Thousands of U.S. homes are underwritten using “drive-by” appraisals — which are sometimes generated by overseas contractors looking at Google Earth and listings websites.
The assessments – known as broker price options or BPOs – are put together in a more hasty fashion than traditional appraisals. They also cost much less. BPOs have been used to value collateral in more than $20 billion worth of bonds sold by institutional landlords and to individual house-flippers, the Wall Street Journal reported.
BPO’s were banned by Congress on traditional mortgages in the wake of the financial crisis. But they don’t apply to investors like the Blackstone Group, who are buying tens of thousands of homes, and critics say they could leave debt holders with less value than they believe they have, the Journal reported.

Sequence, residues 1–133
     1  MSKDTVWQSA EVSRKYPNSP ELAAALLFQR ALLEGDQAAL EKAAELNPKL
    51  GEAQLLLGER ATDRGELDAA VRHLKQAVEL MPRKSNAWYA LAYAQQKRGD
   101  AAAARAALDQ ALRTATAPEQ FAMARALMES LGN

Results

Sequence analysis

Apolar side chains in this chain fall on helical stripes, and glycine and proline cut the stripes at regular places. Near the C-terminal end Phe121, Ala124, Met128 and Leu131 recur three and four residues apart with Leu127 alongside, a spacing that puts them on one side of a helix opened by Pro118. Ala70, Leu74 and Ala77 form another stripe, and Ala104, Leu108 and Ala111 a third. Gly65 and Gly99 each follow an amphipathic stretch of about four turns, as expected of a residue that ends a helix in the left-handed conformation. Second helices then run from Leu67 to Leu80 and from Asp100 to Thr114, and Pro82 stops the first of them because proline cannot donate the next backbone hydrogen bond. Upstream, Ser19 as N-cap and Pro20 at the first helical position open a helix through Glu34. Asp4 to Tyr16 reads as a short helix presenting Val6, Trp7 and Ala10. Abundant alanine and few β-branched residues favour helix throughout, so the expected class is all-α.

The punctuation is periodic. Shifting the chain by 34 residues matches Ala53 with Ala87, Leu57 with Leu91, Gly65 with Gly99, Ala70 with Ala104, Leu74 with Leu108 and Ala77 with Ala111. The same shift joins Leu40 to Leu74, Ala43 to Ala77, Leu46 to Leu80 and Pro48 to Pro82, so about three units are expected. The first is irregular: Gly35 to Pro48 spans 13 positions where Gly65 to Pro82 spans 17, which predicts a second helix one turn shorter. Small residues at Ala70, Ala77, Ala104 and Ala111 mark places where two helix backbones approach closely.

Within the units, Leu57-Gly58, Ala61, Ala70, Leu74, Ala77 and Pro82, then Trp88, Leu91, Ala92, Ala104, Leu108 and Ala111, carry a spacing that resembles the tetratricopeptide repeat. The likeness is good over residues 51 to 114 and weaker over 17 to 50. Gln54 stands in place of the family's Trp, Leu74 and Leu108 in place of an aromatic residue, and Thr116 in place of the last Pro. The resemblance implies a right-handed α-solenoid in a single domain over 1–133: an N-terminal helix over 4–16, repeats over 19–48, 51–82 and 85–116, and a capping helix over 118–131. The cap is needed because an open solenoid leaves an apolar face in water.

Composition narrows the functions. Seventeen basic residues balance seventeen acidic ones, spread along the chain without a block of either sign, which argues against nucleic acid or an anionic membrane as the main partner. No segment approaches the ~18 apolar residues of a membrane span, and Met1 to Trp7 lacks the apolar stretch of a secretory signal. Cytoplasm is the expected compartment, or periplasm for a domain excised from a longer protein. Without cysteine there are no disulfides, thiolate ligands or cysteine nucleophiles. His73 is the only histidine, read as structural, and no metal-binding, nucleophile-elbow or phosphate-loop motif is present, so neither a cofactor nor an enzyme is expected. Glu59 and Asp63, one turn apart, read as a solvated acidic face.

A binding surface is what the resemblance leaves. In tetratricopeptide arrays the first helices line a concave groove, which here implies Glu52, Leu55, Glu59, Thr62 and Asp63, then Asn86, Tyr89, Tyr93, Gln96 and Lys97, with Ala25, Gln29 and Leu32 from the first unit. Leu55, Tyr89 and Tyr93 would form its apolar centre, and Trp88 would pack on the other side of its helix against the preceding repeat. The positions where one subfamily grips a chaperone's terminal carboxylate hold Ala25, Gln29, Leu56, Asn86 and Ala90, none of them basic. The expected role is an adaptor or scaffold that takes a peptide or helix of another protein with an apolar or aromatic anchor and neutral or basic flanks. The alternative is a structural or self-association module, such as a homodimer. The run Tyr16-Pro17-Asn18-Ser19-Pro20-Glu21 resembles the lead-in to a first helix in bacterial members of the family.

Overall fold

“BPOs are a creature of financial institutions that want deals to close fast, and so they don’t have to use an appraiser,” said retired University of South Alabama professor Donald Epley, who had a hand in writing national appraisal standards after the 1980s savings-and-loan crisis. “You’re just dumbing down the standards to make the loan.”
The Securities and Exchange Commission is now looking into whether companies that rent out homes pushed for higher valuations on properties backing securities. People who perform BPOs don’t need much training or an appraisal license, and experts said the quality of BPOs has dropped since pricing fell from $50 or more per home to as little as $25. The process is often outsourced to contractors in India, according to the Journal.
Credit rating agencies usually discount BPO values, and proponents say that high and low valuations tend to balance each other out when pooling thousands of homes into an investment vehicle.
“BPOs have really taken hold as a way for lenders and investors to do evaluations en masse,” said Dennis Cisterna, chief executive of the rental-home services company Investability Solutions. “Using appraisals on every property usually isn’t financially or operationally feasible.” [WSJ] – Rich Bockmann